We will probably be disagreeing on the causes of the 2008 crash for as long as we disagree on the great crash of 1929. From Real Clear Markets, Don’t Be Fooled, There Was Nothing ‘Financial’ About the 2008 Crisis by John Tamny:
In a market economy, failure is quite simply a sign of economic advance. It happily signals that the Blockbuster Videos of the world are regularly being replaced by Netflix. Failure is progress, and this includes the failure of banks. Goodness, Citigroup has been bailed out five times over the last twenty-five years. Can anyone seriously say propping up what the markets don’t want has been good for the economy?
It’s all a reminder that Lehman’s bankruptcy didn’t cause a “crisis” as much as the Bush administration’s foolish decision to bail out Bear Stearns months before created the perception in the marketplace that Lehman would be saved too. As such, investors weren’t prepared for the correct decision to let Lehman go. Put simply, Lehman was only earth-shaking insofar as prior government intervention turned what was healthy into a surprise. And having erred mightily in bailing out Bear, the Bush administration chose to make a bad situation much worse.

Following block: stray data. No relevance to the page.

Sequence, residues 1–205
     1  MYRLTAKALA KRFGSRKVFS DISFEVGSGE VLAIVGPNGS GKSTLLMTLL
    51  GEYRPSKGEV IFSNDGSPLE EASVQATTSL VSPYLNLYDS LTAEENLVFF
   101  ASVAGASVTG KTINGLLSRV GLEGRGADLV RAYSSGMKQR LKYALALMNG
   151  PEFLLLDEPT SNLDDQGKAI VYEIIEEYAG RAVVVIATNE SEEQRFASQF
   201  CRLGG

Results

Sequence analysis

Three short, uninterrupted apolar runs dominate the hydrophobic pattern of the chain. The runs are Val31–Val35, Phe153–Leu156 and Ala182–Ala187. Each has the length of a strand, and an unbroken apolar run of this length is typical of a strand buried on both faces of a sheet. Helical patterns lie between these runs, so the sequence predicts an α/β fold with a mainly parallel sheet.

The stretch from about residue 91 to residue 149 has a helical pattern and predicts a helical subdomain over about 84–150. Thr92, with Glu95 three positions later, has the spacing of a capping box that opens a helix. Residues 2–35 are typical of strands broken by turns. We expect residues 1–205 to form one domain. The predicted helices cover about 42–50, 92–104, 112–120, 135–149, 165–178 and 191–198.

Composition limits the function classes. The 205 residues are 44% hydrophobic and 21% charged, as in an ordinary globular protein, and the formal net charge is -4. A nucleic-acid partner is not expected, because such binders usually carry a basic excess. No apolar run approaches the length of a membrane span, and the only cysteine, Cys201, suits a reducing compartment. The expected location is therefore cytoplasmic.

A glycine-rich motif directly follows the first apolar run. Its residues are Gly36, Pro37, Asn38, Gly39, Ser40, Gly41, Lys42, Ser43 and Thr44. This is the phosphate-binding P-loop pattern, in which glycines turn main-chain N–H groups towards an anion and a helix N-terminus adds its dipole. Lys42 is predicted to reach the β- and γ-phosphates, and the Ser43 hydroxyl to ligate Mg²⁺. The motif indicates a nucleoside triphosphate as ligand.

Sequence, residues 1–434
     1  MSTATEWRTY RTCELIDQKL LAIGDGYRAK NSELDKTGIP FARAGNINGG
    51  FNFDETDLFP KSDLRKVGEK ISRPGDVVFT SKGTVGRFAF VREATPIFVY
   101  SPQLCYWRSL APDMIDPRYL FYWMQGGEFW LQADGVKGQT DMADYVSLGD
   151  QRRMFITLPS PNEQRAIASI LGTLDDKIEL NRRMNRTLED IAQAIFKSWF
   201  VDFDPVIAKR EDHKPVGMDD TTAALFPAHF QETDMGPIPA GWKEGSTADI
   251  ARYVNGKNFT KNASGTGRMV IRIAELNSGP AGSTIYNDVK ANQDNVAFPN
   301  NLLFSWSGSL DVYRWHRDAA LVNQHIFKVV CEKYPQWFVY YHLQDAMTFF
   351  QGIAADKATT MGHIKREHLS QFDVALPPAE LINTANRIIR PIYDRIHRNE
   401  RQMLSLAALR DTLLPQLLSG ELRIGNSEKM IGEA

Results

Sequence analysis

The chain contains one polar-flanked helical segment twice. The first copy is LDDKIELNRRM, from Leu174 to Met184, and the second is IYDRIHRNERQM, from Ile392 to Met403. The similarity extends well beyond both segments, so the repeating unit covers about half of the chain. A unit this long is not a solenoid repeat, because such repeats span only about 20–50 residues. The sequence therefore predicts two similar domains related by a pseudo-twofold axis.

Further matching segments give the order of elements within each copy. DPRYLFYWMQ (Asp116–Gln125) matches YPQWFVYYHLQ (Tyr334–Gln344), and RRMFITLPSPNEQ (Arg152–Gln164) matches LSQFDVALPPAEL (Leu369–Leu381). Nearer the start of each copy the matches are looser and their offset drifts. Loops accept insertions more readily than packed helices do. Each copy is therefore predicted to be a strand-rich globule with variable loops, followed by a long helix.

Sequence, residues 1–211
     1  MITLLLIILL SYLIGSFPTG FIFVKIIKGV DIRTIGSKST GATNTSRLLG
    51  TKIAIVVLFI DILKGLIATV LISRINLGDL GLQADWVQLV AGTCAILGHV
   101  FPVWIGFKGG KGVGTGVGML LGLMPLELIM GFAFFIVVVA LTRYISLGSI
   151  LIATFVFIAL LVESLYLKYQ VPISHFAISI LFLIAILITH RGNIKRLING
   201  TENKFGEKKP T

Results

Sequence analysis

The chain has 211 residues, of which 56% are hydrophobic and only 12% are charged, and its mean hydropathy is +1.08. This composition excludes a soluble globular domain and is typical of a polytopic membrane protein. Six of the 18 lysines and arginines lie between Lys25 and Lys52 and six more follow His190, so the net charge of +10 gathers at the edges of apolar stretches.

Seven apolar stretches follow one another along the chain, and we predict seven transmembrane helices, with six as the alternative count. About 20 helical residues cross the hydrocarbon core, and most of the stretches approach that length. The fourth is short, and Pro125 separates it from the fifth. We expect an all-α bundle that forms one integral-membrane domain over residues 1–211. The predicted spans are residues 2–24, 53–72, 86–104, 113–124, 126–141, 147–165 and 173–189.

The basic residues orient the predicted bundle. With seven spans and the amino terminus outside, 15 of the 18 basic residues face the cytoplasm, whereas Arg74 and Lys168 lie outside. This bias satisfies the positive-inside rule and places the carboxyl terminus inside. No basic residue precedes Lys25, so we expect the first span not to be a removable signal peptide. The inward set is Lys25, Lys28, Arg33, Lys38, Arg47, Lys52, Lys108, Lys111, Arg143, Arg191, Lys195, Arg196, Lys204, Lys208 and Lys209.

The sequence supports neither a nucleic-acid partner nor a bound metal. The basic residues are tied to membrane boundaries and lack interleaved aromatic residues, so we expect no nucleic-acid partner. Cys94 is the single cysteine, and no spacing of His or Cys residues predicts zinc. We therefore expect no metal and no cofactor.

Indeed, in conjunction with the SEC it banned short-selling on 900 different financial stocks. Talk about pouring gasoline onto the fire. Seemingly missed by Administration officials is that short sellers are ultimately buyers. When short sellers are able to express their pessimism in the marketplace, a huge reserve of buying power is created when we remember that shorts can only take profits insofar as they buy back the shares sold short. Yet when the markets needed them most as both price givers and liquidity providers, the Bushies banned them.
After that, bailouts are not free. Governments don’t mis-allocate the money of others only to walk away. They offer up the money of others only to demand a more muscular role in how the saved operate. Ok, but the 20th century was a monument to the failure of central planning. Is it any wonder that future-seeing investors looked negatively on a return of excessive government intervention in commerce?
What can’t be stressed enough about what happened in 2008 is that for economies to grow and markets to rise, it’s necessary that the mediocre and lousy constantly be replaced by the good and brilliant. The latter is a statement of the supremely obvious, but also a reminder of why markets tanked so substantially ten years ago. As opposed to allowing natural market forces to fix what was wrong, the Bush administration, Bernanke Fed and U.S. Congress chose to intervene in crony fashion on the way to reversing what was necessary for economic and market recovery.
Mallaby’s book on Greenspan is very good. As bright as Greenspan is he was unable to see what was coming. It was a perfect storm of bad policies, bad regulations, and bad incentives. Every snowflake pleads innocent but it was still an avalanche.